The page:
New Article Causes, Cures Cancer After Just Three Simple Doses: How Science Headlines Can Mislead
As a scientist, I understand how important it is that our work is shared with the public (it’s how we get our funding, after all). But the line of communication becomes muddled when journalists – despite their best intentions – misinterpret and oversimplify scientific studies and articles, leading to published articles that are often full of misinformation or oversimplifications. One doesn’t even need to fully read the article to be influenced. In fact, to cause you to come to incorrect conclusions about the subject in question, regardless of the efforts of the author to provide accurate information in the text. The next time you see an article on the newest super food or the next, revolutionary “cure for cancer,” take it with some salt. Here are three of the more obvious ways to catch misleading headlines:
- “Gives you/cures cancer”
. It’s actually an umbrella term for a large group of diseases that cause malignant tumors. It’s very likely there will never be one cure for all cancers for everybody, but that doesn’t stop rampant clickbait telling you that (they won’t).
On the other hand, many headlines and articles want to convince you that scientists have just found the newest thing you come into contact with regularly that will give you cancer. Eating bacon now and again , may have wanted you to believe.
Any headline or article that tries to convince you that scientists have found the be-all-end-all cure (or cause) for all cancers is very likely exaggerating.
2. “Super food/ miracle supplement”
Certainly eating a balanced diet is good for us and , but that doesn’t mean that supplementing our diets with vitamins, minerals or other substances we don’t usually eat will lead to health benefits. You’ve seen the articles telling you about or taking this supplement when, unless you are on a very restricted diet, these () and extra kale are unlikely to have any benefit for you.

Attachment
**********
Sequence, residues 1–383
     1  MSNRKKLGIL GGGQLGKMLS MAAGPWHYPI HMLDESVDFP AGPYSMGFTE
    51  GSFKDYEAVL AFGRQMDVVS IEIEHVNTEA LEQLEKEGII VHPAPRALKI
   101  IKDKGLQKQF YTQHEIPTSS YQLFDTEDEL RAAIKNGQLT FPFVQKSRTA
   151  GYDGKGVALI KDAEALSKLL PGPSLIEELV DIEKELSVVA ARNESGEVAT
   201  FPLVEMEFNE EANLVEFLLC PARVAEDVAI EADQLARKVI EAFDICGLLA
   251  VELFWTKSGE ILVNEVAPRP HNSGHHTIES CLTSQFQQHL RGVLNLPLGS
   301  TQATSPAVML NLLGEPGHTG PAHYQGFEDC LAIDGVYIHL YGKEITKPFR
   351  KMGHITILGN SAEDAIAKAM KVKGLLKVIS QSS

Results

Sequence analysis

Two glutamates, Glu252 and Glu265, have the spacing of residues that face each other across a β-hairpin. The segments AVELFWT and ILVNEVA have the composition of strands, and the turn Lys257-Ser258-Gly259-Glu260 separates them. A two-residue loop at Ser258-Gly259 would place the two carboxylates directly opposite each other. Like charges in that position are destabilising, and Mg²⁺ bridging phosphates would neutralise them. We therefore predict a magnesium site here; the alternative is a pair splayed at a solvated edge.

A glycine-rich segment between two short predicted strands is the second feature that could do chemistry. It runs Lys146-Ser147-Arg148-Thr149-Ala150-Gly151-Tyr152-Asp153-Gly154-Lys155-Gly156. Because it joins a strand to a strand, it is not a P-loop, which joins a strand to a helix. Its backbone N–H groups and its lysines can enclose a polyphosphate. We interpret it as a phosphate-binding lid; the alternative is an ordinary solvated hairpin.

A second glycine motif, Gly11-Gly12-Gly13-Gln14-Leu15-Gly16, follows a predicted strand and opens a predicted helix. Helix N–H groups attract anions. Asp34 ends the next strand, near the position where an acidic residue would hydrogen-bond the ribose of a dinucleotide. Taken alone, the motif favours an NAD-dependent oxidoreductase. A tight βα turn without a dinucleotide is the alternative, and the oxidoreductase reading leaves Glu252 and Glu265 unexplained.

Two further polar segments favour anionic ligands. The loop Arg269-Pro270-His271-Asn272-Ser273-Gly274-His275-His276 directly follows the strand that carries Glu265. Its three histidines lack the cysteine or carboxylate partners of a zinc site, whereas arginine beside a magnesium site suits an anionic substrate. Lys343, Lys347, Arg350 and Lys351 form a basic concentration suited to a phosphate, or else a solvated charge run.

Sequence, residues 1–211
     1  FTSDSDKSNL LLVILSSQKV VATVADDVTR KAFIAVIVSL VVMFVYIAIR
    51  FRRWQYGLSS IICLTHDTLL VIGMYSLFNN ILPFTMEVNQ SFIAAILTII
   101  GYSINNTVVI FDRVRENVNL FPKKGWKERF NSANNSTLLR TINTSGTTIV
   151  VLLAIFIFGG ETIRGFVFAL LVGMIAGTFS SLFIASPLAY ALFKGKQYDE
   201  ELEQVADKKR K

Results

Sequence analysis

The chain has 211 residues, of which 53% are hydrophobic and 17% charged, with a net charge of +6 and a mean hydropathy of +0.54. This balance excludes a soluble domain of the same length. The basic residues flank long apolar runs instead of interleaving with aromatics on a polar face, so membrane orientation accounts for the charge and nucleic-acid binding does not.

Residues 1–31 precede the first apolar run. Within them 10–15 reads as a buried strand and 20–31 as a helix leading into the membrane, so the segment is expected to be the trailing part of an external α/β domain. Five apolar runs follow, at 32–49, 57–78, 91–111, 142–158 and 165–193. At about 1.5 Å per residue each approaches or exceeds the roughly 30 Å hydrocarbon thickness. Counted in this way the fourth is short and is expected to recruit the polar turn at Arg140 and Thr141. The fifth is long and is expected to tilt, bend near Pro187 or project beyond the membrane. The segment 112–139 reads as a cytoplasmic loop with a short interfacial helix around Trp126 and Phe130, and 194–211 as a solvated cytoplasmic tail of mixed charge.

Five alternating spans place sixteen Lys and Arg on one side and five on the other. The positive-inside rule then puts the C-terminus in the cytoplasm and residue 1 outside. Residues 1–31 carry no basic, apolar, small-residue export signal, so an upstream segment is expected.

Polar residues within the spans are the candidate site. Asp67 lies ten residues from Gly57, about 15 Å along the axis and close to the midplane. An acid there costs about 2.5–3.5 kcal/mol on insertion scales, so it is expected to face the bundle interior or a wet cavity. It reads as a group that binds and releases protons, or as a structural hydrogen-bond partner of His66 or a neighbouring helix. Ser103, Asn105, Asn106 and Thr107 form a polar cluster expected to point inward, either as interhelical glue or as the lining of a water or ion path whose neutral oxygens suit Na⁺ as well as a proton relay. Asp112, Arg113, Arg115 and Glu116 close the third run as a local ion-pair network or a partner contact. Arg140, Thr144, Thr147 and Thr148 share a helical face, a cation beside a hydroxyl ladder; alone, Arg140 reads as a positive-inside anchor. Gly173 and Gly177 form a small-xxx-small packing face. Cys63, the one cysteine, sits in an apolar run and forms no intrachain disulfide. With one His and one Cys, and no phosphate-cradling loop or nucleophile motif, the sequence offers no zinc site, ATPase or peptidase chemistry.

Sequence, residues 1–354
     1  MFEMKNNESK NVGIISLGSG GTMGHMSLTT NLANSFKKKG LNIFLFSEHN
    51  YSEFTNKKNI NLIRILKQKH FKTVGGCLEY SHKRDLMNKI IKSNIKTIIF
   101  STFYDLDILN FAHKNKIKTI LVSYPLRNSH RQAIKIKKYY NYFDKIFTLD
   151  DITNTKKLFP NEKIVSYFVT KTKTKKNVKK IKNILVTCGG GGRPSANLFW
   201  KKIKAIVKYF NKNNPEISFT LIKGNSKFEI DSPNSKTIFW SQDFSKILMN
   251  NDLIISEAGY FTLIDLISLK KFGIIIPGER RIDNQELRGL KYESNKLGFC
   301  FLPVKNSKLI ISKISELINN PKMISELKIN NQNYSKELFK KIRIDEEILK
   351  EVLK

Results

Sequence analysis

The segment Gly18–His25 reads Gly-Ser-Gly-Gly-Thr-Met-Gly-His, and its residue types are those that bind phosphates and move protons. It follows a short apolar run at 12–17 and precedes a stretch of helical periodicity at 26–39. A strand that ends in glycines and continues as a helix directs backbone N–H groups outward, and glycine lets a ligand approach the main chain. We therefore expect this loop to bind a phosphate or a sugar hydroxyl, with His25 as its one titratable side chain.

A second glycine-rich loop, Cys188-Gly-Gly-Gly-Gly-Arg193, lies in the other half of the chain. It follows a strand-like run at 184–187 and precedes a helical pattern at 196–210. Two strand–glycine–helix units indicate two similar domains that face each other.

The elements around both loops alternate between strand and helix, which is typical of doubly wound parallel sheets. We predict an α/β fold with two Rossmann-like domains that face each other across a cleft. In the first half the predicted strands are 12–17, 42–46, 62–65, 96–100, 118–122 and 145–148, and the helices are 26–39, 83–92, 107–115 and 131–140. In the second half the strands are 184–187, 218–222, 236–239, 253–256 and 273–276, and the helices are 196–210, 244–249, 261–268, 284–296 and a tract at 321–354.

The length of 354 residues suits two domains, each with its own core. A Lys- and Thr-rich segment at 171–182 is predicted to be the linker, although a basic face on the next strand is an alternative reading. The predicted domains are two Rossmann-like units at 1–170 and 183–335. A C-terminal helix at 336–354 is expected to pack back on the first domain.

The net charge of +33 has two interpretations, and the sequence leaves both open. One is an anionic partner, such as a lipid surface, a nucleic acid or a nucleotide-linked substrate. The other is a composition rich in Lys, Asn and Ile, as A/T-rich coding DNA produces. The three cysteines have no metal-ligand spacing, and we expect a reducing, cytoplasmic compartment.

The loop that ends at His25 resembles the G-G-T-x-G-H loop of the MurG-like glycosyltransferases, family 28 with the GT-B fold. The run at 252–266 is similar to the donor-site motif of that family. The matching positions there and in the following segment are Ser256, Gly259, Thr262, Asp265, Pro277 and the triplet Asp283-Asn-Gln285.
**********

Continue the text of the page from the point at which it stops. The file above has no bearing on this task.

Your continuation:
Most of the issue comes from the fact that supplement companies (that is to say, the FDA doesn’t screen them upfront). One of the best examples of supplements or “miracle foods” being sold and embellished to the point of complete falsehood is by the all-too-famous Dr. Mehmet Oz, to explain his pushing of “miracle cures” on his show.
One of my personal favorite articles on this topic is about a “Dr. Johannes Bohannon” who managed to convince a set of his peers and many, many news sites . This was all fake, of course, but many news sites ran with and sold the lie that Bohannon had been told to sell. In most, less insidious cases, scientists will publish that a food or drug, under certain conditions for certain people in very controlled conditions, gave an improvement in this one aspect of health, but the claims will be exaggerated and a game of telephone will ensue as news sites race to write similar articles on the same topic.
3. “May pose risk”
This might be a little less obvious. The issue here is with the ambiguity. It can mean a number of different things. The article may reveal that a full study has been done that indicates a lack of safety, that a study has not been done regarding safety at all, or that a study has been done but has not found any safety risk (yet). It’s unclear what this headline means. But it’s easy to see that it leans in a negative direction and instills fear where it might be unfounded. And because many of us don’t fully read the articles that we see the headlines for, there’s no way we will realize which it is.
Often when I see these sorts of headlines they have to do with genetically modified organisms (GMOs) or vaccines ( , ). It’s important, of course, to communicate risk and to make sure the drugs and products we introduce into our community aren’t dangerous, but fear-mongering won’t help anybody, especially over issues that have been essentially resolved by the scientific community for several years if not decades.
One of the unifying factors that seems to unite these issues is a lack of understanding of what the scientists had actually done or proved. Not everyone can have the scientific literacy to go back to the original source and piece it out. Part of the training to get a Ph.D. is to learn how to read these incredibly dense and often intellectually (and literally) inaccessible scientific articles. Even scientists who read papers regularly will find it difficult to sparse together the significance of work outside of their field. That’s why it’s so important for scientists to make the effort to communicate effectively with the public, so that when nonscientists want to know what’s going on with our neck of the woods, we can tell them without all the clickbait.
Julie Heffler is a graduate student studying Cell and Molecular Biology at the University of Pennsylvania.
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